This blog was written by Dr. David Shiffman, a marine conservation biologist and public science educator based in Washington, D.C. Renowned for his witty social media presence, he has written for the widely-read ocean science blog Southern Fried Science, and his science writing has appeared in publications including the Washington Post, Scientific American, Gizmodo and Scuba Diving Magazine. Follow along with him on Twitter, Facebook and Instagram, and stay tuned for his future contributions to the Ocean Conservancy blog.
If you read my first blog for Ocean Conservancy, you may have noticed that I identified myself as a “marine conservation biologist.” While many people may know that a marine biologist is a scientist who studies organisms that live in the ocean, my introduction as a marine conservation biologist tends to inspire some questions from readers. For example: “What’s the difference between marine biology and marine conservation biology?” and “What exactly does a marine conservation biologist do?” Today, I’m here to answer these questions for you. Let’s dive in!
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What is conservation biology?
I’ll start by referencing a powerful essay that was published in 1985, the year after I was born. The Endangered Species Act and the entire environmental movement in the United States were relatively new, with ideas on how to move forward actively discussed by passionate environmentalists and concerned scientists. Michael Soule, who died earlier this year, described conservation biology as an entirely new discipline of science. This type of biology was designed to be practical, focused, applied science that borrows methods and approaches from other closely related fields like ecology, biology and environmental science. By “applied,” I mean that we’re not just talking about learning new information about our natural world for the sake of knowledge. While that is, of course, incredibly important work (because there is so much more still to learn), we’re talking about something different here: using scientific approaches to answer specific questions with immediately obvious real-world implications.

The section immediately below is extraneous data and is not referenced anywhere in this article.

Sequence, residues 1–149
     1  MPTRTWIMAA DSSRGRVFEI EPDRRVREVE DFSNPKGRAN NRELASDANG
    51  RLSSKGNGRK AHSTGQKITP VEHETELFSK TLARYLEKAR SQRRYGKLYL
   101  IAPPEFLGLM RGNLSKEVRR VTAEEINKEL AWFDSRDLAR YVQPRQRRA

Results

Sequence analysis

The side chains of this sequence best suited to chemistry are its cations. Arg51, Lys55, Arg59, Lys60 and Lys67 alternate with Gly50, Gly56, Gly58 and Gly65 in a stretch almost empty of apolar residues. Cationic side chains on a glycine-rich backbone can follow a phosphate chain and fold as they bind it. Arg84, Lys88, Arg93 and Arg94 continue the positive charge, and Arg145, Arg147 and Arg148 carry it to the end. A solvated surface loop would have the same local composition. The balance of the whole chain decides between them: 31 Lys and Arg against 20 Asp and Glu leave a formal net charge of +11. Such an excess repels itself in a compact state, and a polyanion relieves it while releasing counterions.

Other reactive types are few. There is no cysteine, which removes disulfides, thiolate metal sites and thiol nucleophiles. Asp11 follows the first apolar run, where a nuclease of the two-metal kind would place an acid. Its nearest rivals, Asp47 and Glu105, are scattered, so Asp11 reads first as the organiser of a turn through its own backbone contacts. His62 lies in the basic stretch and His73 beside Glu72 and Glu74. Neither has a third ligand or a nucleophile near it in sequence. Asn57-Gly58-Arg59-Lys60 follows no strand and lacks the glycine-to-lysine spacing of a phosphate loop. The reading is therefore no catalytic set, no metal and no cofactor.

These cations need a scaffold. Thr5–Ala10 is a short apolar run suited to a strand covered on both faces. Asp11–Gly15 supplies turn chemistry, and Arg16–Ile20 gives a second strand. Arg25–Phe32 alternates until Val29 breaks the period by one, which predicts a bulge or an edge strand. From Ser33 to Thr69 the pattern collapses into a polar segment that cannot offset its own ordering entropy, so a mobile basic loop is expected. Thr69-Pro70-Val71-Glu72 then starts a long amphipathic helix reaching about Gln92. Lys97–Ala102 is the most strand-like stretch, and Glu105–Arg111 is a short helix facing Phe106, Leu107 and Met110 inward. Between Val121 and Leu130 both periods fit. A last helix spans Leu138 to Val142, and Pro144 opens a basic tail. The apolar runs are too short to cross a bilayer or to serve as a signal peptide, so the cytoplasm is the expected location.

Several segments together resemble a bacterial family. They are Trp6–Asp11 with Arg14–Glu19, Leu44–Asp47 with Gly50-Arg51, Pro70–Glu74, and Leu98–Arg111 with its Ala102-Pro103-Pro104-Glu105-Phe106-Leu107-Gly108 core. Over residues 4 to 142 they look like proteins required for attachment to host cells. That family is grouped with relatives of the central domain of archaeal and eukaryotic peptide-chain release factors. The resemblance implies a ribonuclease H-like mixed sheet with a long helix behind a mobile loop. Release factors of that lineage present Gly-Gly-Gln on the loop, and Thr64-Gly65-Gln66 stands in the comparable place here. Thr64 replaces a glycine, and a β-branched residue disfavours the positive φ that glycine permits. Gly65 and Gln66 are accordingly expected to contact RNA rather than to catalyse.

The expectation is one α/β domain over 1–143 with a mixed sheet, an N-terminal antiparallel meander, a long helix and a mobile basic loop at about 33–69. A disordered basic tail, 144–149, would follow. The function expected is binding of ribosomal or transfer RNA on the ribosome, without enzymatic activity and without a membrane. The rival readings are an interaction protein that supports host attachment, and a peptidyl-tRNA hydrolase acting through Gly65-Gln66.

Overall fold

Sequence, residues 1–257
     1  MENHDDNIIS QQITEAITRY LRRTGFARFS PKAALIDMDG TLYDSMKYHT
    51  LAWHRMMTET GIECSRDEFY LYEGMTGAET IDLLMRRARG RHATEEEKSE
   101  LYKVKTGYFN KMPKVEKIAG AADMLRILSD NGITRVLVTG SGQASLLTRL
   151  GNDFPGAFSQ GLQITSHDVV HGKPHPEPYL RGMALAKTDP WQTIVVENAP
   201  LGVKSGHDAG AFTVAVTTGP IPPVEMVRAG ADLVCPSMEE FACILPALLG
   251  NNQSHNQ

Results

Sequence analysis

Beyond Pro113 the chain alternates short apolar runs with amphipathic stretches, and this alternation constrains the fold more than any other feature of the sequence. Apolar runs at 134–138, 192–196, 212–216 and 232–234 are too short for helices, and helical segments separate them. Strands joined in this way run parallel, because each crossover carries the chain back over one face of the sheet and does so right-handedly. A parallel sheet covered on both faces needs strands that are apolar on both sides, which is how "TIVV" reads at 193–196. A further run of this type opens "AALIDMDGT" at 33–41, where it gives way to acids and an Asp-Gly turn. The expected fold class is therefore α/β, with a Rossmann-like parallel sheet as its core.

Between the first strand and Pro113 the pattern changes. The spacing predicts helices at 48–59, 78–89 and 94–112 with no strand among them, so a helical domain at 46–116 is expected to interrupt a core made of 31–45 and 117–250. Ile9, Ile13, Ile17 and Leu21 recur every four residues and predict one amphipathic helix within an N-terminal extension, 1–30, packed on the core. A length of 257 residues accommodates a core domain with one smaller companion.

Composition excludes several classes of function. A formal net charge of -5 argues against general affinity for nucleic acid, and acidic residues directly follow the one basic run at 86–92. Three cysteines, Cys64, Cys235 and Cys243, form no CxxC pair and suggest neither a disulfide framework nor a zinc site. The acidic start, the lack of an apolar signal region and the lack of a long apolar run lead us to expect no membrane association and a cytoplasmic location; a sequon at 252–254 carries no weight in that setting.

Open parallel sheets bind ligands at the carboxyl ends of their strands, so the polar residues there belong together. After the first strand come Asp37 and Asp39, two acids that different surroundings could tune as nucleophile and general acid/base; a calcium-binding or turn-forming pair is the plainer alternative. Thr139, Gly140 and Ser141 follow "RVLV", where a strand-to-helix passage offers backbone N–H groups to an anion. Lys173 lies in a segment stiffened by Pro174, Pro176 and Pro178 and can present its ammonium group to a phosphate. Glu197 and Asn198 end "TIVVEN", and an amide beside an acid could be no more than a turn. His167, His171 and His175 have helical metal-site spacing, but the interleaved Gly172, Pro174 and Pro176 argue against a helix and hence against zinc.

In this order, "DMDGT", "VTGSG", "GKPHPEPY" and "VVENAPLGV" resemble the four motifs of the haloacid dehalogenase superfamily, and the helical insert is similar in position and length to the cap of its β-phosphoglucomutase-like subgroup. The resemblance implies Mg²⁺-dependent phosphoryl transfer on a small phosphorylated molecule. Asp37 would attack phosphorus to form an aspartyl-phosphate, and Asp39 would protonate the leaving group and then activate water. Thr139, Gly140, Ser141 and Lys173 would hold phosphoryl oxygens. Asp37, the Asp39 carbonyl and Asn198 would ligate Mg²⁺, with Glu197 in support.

In the case of the Endangered Species Act, for example, we’re of course focusing specifically on preventing the extinction of endangered species. With growing recognition of the threats facing the environment, it was no longer enough to just learn more about the ocean in general. It became more and more clear that it was necessary to learn specific information to try and help stop these problems. Essentially, conservation biology is the use of science to learn how to most effectively protect wildlife and wild places, and marine conservation biology is exactly that, but specifically centered around the ocean.
Marine biologists study living things in the ocean with the open-ended goal of learning more about them. Marine conservation biologists take a more applied and specific approach; for example, they ask not just “Where do sea turtles go?” but “Given that these sea turtles are endangered, what can a greater understanding of their habitat use and how it overlaps with potential threats tell us about how to protect them from threats so their population can recover?”
While the boundaries between marine conservation biology methods and marine biology methods may be blurry at times, an important difference is what happens next. Traditionally in the scientific field, publishing a peer-reviewed paper with the results of your study in a scientific journal represents the end of a research project. Many marine biology papers note that their results may be “significant for management” in some way, but they’re rarely specific about what the current issue is with management or what specifically should be changed due to these new results.